Apple has been pushing apps on the Apple TV of late, with the company claiming that the future of television is in apps, a claim that will likely prove to be true.
One of the latest of these apps is a long-awaited release of Pandora Radio to tvOS. The app for the streaming service bypasses the normal Pandora interface in favor of a grid-based layout that is a little more consistent with tvOS. The interface includes a menu bar that enables users to easily switch between Now Playing, My Stations, Create Station, and Account.
Because of the larger screen, album art is also a lot more prominent for the Pandora tvOS, especially in that grid view. As far as the Now Playing screen goes, users will have access to options like voting on a song or skipping it, as well as things like track information.
Pandora itself has established itself as one of the most popular streaming services globally, and is the most popular in the U.S. It also recently acquired Rdio, which will likely help the service launch on-demand music streaming on top of the radio service that it currently offers.
Pandora itself can now be found on all of Apple’s platforms, recently being released to CarPlay and also developing an Apple Watch watchOS app.
The Apple TV has had a pretty big week this week. Apart from new apps, the device got an update to its operating system, bringing tvOS to version 9.1. This update was a pretty major one, including support for Siri on the Apple TV. Basically, users are now able to use Siri to do things like search for content and ask for information about that content.
The new update also includes a number of bug fixes, as well as improves features for networking and scrolling in the operating system.
While these new features are great, however, unfortunately the new operating system on the fourth generation of the Apple TV still doesn’t offer support for Bluetooth keyboards, a feature that was present on the third generation of the device, and something that many prefer to use over having to use voice control or point and click on a keyboard.
Typing has been one of the more frequent complaints when it comes to the fourth-gen Apple TV. This is because of the fact that the tvOS onscreen keyboard is shown in two rows, meaning that users have to scroll back and forth repeatedly if they’re using the Siri remote to point and click. This is especially frustrating considering the fact that voice commands don’t always work on the device, especially when entering things like a password.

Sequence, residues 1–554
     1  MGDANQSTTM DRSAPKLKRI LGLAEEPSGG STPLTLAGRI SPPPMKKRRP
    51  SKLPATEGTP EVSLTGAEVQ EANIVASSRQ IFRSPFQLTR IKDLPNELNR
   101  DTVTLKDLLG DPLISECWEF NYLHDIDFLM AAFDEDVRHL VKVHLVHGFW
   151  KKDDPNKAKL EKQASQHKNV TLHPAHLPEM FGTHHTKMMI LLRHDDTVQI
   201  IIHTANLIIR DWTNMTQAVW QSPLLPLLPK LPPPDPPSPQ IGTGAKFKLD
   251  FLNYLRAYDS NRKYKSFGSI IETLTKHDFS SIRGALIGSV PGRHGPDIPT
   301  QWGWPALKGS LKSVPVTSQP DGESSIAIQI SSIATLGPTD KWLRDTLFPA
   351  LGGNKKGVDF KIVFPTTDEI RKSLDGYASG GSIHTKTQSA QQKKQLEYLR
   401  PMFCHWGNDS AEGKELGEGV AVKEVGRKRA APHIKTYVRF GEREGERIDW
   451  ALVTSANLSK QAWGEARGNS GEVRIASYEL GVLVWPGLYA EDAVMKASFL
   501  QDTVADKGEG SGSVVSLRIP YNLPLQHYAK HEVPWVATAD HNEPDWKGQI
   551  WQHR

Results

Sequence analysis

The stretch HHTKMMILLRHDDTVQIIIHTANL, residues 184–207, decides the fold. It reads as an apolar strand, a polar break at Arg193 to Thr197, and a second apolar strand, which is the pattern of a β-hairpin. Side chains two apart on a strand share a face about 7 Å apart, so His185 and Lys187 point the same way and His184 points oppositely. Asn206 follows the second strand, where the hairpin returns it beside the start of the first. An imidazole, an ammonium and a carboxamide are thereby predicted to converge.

Thankfully, users can use the iOS Remote app, enabling them to type commands on their iPhone. One feature that Apple is planning on adding to the app is the ability to use Siri on the iPhone to play things on the TV.
In other Apple TV-related news, it seems as though talks between Apple and TV content creators have fallen through, and Apple will not, at least for the moment, be offering a TV subscription service. The reason for the falling through of these talks is the fact that Apple reportedly wanted to offer a “skinny” service that offers only core TV channels and was under $30 per month, and while it seems as though TV networks didn’t have a problem with the idea in theory, networks all wanted their channels to be a part of the service.
A subscription service from Apple could be key to Apple revolutionizing the TV industry the same way that it did the music industry. TV companies, however, are resistant to this, especially considering the changes that the music industry has gone through over the past decade or so, with many now suggesting that the music industry is in serious trouble.
Still, it’s disappointing news for Apple TV users that might be looking for a new way to watch and experience TV, and who might want a more comprehensive and personalized TV streaming service. Currently, when it comes to Apple TV, it looks like users will have to keep subscribing to separate TV services through their respective apps. Hopefully 2016 will bring about some change in that.